Genre: Historical Drama
Watched: August 31, 2013
Summary: Things haven’t changed
That this movie got made at all is fairly amazing — and in a totally different way and polar opposite from the vacuous crap oft spewing out of Hollywood (Hansel & Gretel I’m looking at you!).
Agora is set during the tumultuous decades at the end of the 4th and early 5th century AD. It centers around the riots in the Egyptian city of Alexandria between various sects and factions. Between government and mob. Between pragmatists and fundamentalists. Sound familiar? It should. The same sort of thing is occurring today, 1600 years later. The period in the film, known as late antiquity, is an important one, because the order of the modern word was forged in these fires. Yet, most people, including a fair sprinkling of my Ivy League friends, know almost nothing about it. The average American would be lucky to know this is the same Alexandria that hosted the affairs of Cleopatra — over 400 years earlier. They might not distinguish these sandal wearers from the spear toting Spartans of 300 — but that battle occurred 900 years before this one! The ancient world is not one moment, but a vast progression of political and social evolution — all informing our own world.[youtube http://www.youtube.com/watch?v=RbuEhwselE0]
Back to 400 AD and Alexandria. The city was a peculiar and important experiment. Founded by Alexander the Great in 331 BC on the shores of the Mediterranean at the Nile delta, it was one of the most cosmopolitan in the world, being the poster child for the very idea of Hellenism and the its questioning and philosophic spirit. Perfect, no, but this is the city that housed the Great Library (which desired to obtain a copy of every work written by man) and taught and nurtured 700 years worth of scholars of all faiths. The Hebrew bible was translated here from Aramaic into Greek.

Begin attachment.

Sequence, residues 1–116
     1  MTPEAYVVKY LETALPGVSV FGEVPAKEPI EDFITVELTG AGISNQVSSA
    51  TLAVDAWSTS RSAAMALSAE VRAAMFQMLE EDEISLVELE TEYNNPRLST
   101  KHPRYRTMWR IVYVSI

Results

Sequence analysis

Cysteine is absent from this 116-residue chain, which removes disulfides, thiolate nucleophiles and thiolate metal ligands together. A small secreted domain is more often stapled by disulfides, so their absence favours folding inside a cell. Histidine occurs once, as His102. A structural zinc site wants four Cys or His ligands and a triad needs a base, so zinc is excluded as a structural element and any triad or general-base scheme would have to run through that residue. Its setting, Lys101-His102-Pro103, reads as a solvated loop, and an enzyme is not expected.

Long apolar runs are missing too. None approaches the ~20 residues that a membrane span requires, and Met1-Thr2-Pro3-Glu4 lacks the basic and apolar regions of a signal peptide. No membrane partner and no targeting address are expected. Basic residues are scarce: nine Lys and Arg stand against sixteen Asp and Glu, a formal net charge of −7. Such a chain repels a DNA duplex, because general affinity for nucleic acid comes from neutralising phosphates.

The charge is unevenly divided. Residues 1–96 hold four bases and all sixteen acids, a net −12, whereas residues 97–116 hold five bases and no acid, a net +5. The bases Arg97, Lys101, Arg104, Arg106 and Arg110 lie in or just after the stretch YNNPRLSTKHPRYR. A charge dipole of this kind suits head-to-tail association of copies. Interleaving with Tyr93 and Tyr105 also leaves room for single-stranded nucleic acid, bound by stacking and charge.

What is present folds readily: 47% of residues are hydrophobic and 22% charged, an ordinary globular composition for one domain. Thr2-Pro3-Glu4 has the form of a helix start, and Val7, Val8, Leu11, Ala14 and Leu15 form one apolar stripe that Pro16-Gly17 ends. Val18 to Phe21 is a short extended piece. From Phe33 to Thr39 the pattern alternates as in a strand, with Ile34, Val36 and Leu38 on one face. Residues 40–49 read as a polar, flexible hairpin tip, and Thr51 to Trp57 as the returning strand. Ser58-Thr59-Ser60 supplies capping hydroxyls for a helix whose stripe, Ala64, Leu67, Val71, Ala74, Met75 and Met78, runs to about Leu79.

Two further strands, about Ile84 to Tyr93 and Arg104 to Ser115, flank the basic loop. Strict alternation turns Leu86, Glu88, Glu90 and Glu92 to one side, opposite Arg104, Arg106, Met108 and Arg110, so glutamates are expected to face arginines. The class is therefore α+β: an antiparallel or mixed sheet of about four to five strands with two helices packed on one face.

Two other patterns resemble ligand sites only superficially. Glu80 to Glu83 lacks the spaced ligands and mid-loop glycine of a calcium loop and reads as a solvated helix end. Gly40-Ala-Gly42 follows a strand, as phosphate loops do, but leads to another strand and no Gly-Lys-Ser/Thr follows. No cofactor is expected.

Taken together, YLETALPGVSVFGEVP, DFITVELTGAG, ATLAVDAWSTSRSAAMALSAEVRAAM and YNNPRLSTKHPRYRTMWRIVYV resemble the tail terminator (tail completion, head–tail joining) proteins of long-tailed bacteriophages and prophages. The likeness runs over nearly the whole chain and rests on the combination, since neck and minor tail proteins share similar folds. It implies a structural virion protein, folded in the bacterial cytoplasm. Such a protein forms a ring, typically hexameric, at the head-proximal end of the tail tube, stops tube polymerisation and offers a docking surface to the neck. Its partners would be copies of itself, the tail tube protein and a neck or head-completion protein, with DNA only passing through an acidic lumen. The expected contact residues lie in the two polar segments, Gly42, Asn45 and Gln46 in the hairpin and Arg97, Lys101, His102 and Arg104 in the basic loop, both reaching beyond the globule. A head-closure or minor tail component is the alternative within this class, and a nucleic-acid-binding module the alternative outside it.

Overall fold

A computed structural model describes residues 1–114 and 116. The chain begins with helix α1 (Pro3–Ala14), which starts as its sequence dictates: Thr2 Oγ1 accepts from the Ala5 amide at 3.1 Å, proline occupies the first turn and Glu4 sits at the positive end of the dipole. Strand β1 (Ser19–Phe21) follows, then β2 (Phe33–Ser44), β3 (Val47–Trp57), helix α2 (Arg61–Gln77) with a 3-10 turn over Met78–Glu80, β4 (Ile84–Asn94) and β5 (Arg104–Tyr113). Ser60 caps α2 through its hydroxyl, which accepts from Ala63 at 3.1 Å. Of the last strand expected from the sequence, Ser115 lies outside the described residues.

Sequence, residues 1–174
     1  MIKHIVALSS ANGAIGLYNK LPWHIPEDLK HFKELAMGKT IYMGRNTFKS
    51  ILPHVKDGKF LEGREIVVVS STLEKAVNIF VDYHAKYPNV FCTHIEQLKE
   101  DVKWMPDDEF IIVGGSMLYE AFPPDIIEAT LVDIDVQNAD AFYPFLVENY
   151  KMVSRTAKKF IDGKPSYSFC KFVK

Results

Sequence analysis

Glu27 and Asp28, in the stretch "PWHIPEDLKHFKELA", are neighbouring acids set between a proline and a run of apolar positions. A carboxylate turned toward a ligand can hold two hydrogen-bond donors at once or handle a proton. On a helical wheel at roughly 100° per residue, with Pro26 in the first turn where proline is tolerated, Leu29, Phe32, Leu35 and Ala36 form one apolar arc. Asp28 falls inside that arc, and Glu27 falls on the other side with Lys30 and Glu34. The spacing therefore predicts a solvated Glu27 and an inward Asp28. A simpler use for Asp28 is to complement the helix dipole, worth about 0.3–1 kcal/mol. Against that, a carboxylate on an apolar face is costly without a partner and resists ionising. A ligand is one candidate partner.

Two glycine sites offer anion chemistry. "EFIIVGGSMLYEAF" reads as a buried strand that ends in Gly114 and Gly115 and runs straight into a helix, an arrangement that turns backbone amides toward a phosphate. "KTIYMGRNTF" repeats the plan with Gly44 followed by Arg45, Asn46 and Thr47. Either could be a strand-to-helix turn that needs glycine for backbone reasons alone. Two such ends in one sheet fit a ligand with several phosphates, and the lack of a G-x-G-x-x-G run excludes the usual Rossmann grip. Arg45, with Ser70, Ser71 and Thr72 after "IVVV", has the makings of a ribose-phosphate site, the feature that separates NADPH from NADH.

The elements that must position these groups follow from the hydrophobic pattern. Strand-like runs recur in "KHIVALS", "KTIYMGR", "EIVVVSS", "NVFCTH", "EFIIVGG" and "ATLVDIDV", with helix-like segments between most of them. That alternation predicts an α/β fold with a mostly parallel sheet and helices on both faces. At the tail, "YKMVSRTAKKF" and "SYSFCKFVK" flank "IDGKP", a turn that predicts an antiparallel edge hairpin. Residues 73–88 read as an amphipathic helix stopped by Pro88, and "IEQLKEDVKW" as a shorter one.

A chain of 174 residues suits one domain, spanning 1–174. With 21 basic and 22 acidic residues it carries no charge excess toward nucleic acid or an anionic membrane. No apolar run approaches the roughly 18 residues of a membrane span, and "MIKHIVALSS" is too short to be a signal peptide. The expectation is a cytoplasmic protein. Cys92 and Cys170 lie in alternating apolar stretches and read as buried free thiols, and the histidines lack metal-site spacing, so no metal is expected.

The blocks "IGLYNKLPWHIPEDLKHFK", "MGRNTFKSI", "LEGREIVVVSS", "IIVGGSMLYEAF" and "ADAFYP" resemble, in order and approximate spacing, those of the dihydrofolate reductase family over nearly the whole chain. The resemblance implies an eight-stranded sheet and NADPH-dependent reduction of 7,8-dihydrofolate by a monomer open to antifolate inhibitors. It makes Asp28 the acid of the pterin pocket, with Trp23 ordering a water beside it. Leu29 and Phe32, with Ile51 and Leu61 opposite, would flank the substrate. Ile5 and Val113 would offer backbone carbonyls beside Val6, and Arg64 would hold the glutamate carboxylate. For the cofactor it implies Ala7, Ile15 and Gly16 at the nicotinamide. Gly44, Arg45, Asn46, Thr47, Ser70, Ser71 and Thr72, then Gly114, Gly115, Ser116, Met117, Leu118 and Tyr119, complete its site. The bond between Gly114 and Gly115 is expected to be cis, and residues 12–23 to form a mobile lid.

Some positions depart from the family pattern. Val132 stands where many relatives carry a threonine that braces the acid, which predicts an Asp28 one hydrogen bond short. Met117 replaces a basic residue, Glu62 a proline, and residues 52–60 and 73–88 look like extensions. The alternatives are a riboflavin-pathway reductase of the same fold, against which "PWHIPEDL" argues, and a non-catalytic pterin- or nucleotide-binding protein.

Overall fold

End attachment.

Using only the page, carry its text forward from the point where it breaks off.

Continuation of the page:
Agora is not a perfect movie by any stretch, but it does an impressive job of bringing to life the grandeur, sadness, and dust of this ancient place. With superb costumes and by combining grand and detailed sets with judicious CG / Model aerial shots it’s one of the best looking depictions of the ancient world I’ve seen. It also does a great job with the substance, if not the detail of the history. The central figure is the female philosopher Hypatia, about whom relatively little is known. Her scientific role is a bit extrapolated, but the political situation is fairly faithful. In just a couple of decades Christianity goes from being a minor (and illegal) cult to the one and only state religion of the aging Roman Empire. It is at the hands of men like Saint Cyril of Alexandria (the villain of the film) that established the theological/political principle of religious intolerance that poisons our world today.
Prior to this, men of all nations did their fair (and more) share of killing, usually over political and economic objectives. But in the polyglot world of antiquity, variation of belief was usually taken as a given, separate and outside the world of pragmatic gain (which generally took precedence).
People constantly ask me (knowing I’m a Roman history buff) “how did Rome fall?” Well, when you watch how Cyril maneuvers the liberal Imperial Prefect Orestes you find one of the answers to this complex question. This moment, which appears roughly fairly faithful to historical sources , is about as brilliant a bit of political manipulation as the world has ever witnessed. Cyril, preaching from his pulpit, reads to assembled politicians from the bible, outlining his fundamentalist agenda, and then segueing into a question of faith, forces his opponents — in front of the mob — to kneel and declare their faith to the book (held aloft by him!). But what are they kneeling to? The power of God or the ambition of man?